But as companies begin to shift their policies, our artists are getting a lot more requests for hand tattoos in particular. Neck and face tattoos continue to be more of a rarity, but we still get the opportunity to do these pieces on occasion. Typically with all of these placements, our clients tend to have an existing tattoo collection. “Sometimes we’ll get a brazen eighteen year old asking for a tattoo in a highly visible spot,” Mikey notes. “But I’ve found that typically it’s either the young-and-rebellious or the middle-aged-and-over-it crowd.”
Interestingly—but perhaps not surprisingly—the majority of people getting these tattoos are in the tattoo industry themselves. “I don’t have my face or neck tattooed, so it’s hard for me to talk about that kind of discrimination,” Mikey tells us. “But I do have my hands and fingers blasted. I tend not to give a enough fucks to notice any intolerance, though. I think people find it interesting, actually, when a tattooed, successful, articulate, and sociable person is communicating with them. The tattoos become mystic because the stigma of tattoos and the derelict expectation are both crushed.”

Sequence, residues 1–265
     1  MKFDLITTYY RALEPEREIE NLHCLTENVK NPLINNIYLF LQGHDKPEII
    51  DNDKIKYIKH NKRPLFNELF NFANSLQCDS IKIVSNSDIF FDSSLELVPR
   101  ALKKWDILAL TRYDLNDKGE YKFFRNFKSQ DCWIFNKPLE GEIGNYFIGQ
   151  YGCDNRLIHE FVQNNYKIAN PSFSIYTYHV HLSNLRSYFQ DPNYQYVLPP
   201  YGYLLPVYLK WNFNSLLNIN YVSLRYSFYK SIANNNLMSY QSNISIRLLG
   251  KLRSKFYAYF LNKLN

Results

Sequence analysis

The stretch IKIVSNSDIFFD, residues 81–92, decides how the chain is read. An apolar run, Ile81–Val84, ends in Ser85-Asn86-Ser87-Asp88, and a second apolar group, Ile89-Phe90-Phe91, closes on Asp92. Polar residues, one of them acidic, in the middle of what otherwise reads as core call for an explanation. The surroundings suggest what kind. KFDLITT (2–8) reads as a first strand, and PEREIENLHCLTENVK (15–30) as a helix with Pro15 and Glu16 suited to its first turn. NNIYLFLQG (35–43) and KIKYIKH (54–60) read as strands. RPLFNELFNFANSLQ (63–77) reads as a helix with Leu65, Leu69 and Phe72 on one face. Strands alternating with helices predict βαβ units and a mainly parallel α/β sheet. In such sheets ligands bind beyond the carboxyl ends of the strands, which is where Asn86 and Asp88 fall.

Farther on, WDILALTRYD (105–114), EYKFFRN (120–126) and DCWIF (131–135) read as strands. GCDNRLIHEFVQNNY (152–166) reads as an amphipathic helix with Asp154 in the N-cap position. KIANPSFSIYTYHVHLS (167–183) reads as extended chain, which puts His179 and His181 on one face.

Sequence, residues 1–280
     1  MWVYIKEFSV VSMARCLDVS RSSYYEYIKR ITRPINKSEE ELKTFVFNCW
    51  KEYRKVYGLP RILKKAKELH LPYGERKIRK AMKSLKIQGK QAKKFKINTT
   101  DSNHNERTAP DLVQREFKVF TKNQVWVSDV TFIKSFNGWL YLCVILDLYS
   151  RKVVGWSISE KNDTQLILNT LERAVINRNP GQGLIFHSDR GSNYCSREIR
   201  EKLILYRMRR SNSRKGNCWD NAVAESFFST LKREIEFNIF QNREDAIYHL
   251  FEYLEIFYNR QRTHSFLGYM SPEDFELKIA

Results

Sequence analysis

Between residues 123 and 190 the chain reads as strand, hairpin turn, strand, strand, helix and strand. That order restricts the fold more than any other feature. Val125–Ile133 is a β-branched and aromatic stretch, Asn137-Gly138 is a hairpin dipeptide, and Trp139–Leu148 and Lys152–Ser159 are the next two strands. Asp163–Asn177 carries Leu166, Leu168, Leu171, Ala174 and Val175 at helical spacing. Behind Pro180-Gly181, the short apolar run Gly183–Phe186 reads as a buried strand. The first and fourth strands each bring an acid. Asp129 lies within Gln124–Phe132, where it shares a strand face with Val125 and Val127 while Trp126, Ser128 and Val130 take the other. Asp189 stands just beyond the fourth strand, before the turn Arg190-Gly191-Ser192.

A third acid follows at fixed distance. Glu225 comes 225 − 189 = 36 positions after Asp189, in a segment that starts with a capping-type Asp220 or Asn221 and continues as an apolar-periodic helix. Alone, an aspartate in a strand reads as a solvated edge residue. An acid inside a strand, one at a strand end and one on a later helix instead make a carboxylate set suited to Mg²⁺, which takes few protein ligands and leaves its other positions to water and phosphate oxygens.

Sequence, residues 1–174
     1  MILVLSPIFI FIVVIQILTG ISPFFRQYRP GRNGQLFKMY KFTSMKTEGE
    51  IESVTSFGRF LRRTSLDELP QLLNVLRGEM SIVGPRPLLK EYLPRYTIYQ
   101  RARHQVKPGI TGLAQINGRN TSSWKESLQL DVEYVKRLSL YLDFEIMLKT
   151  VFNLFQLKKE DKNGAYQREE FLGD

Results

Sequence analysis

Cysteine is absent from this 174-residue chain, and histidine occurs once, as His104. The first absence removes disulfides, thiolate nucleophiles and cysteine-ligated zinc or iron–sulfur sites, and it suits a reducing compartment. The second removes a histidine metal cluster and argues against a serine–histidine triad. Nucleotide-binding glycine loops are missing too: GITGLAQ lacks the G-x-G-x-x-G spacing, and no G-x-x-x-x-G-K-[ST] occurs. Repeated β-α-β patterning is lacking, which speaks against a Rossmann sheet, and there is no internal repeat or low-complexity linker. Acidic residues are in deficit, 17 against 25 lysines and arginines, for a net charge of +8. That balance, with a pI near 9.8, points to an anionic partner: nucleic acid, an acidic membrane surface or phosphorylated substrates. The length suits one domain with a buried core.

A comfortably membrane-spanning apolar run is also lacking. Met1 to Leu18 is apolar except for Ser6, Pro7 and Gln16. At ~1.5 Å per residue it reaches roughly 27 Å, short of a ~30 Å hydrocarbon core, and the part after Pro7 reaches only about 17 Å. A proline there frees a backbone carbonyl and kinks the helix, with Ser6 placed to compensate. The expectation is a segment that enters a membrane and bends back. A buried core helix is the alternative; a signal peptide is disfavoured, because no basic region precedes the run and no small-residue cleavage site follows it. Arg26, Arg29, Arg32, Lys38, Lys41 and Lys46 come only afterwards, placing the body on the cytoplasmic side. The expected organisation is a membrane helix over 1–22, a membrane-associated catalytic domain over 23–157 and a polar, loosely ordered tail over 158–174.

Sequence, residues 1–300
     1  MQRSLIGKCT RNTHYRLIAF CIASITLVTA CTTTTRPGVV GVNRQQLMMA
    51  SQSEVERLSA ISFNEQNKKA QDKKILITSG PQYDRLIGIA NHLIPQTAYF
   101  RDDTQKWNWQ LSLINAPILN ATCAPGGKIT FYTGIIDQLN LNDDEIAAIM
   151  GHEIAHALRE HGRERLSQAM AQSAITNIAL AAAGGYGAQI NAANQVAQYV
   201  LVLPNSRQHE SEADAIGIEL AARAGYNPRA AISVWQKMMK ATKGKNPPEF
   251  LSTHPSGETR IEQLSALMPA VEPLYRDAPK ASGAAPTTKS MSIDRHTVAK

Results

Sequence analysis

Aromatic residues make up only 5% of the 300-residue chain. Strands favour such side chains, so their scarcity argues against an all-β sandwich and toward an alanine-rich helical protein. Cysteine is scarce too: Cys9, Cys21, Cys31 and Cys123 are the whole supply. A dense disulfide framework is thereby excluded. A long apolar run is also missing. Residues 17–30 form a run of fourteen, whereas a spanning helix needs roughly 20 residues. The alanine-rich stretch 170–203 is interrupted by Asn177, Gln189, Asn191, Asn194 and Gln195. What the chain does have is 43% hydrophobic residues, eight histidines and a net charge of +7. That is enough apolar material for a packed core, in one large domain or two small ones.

As artists and individuals, we’re all about crushing stigmas and negative expectations—and we’re proud to say that we’ve got tattooed clients, family, and friends who do exactly that every day.

Your Body, Your Call

It’s true that some artists will refuse to do certain tattoos. Finger tattoos in particular have become so mainstream that you most likely won’t have a problem there, but the career-ruining potential of neck and face tattoos may make the occasional artist understandably uncomfortable.
As for Mikey, he doesn’t typically refuse, unless a tattoo isn’t a good fit for him aesthetically. “I will advise, though,” he adds. “It’s not my place to make decisions for clients, but my dad-self still needs to say some words based on my experience and wisdom.”

So what words would Mikey give to those thinking of a face, neck, or hand tattoo? “These tattoos are not for the faint of heart,” he wants you to know. “They will make getting a job more difficult. You are about to enter a world of self-reliance. People will hate and will judge. You will have to be better than them—or you will get crushed.”

With those words of wisdom in mind, we invite you to reach out to us if you want to talk more with Mikey or any of our artists about the pros and cons of these particular tattoo placements. If you decide a hand, neck, or face tattoo is for you, we’d be happy to work with you to design a custom piece.
Already have one of these taboo tattoos? We’d love to know your story! Tell us about any triumphs, difficulties, or surprising moments that you’ve had sporting your highly visible ink by dropping us a note at info@papercranetattoo.com. We look forward to hearing from you!